South of Willoughby Road in Caledon, a rail bridge spans the Credit River, one of the many sights along the corridor that could provide breathtaking views for a future trail system. The new trail will supplement a vast existing trail network that exists in the region and add a north-south corridor connecting the east-west network of the Caledon Trailway, Trans Canada Trail, Bruce Trail, Oak Ridges Moraine Trail, Humber Valley Heritage Trail and the Greenbelt Cycling Route.
The Town also noted that the new trail will provide space to implement further broadband infrastructure, expand tourism and employment opportunities and promote health and wellness for residents.
Spending time in nature does wonders for the mind and the body. In its vision statement, the Trans Canada Trail states it will “continue to inspire everyone to embrace the outdoors, to discover the diversity of our land and people, to enhance their health and well-being.”
A new trail will also decrease the human impact on existing trail networks. With a growing population and the desire to “get back to nature” fuelled by COVID-19 lockdowns, many of the trail systems that currently exist in the GTA are overused. According to numbers from the Credit Valley Conservation Authority, usage of its conservation areas and trails increased 69 percent between 2019 and 2020, from around 517,000 to nearly 875,000 annually. This increase in foot traffic can lead to erosion, damage to plant life, and the destruction of crucial habitats. People also bring litter and contribute to the spread of invasive species. The addition of a new trail corridor could help to offset some of this human impact.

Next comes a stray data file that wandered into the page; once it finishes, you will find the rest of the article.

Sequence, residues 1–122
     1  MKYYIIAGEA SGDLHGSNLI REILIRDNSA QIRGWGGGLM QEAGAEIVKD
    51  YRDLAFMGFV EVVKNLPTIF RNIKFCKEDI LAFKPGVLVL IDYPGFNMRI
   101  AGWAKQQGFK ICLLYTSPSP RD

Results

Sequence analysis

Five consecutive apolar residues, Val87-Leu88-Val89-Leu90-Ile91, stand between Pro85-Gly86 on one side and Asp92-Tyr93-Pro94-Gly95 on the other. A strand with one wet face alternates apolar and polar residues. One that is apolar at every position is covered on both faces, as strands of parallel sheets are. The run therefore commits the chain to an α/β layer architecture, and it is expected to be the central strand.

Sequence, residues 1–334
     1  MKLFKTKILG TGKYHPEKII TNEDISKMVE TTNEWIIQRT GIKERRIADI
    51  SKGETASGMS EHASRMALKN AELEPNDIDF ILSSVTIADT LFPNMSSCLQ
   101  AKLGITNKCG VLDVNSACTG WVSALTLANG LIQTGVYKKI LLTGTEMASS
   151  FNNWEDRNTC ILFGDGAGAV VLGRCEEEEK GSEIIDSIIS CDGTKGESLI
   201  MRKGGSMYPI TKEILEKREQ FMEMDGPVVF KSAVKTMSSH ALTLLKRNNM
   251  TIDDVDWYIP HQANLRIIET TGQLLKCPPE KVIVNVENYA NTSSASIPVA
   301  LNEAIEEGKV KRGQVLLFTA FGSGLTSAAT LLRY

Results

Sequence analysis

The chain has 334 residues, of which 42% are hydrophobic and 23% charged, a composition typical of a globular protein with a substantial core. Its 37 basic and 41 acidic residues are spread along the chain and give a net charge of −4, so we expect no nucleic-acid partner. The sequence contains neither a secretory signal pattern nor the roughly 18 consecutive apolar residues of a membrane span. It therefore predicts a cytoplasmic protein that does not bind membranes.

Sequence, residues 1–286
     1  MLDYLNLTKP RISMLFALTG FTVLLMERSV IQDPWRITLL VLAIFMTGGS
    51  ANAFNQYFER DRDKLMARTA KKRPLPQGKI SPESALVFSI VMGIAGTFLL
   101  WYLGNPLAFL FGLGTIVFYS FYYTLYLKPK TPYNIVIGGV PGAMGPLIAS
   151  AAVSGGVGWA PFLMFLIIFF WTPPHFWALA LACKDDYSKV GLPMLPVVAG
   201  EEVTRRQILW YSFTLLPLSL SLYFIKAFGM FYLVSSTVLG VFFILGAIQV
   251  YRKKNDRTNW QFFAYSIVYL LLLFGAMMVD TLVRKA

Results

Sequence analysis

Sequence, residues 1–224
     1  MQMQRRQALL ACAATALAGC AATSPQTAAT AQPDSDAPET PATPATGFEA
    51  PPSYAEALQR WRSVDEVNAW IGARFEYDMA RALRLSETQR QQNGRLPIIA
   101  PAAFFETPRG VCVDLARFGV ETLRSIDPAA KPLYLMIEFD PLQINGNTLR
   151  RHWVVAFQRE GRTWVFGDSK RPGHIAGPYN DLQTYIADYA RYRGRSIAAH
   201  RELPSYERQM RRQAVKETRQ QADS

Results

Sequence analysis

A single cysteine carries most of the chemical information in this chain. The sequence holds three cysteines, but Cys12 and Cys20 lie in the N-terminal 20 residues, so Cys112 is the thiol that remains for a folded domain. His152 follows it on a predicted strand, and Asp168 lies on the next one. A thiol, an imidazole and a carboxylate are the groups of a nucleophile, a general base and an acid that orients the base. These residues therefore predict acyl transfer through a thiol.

The trail will also provide the opportunity for greater conservation efforts. Milkweed can be spotted growing along the edges of the tracks—a native wildflower that is the sole host species for the caterpillar of the monarch butterfly, a species recently listed as endangered by the International Union for Conservation of Nature (IUCN).
Despite the trail’s potential for conservation efforts, the transition will take a considerable amount of construction.
Some infrastructure, like bridges, are pre-existing and will be relatively easy to convert for use by hikers or cyclists, but the same does not go for the many roads the future trail will cross.
The cost of building pedestrian bridges varies based on size and materials, and could extend the construction timeline for the project considerably and cost millions. The future trail crosses over at least 15 major roadways, which without any form of traffic lights or pedestrian crossing aids, could be dangerous for future hikers or cyclists.
The Region of Peel has yet to indicate a budget or timeline for the transition.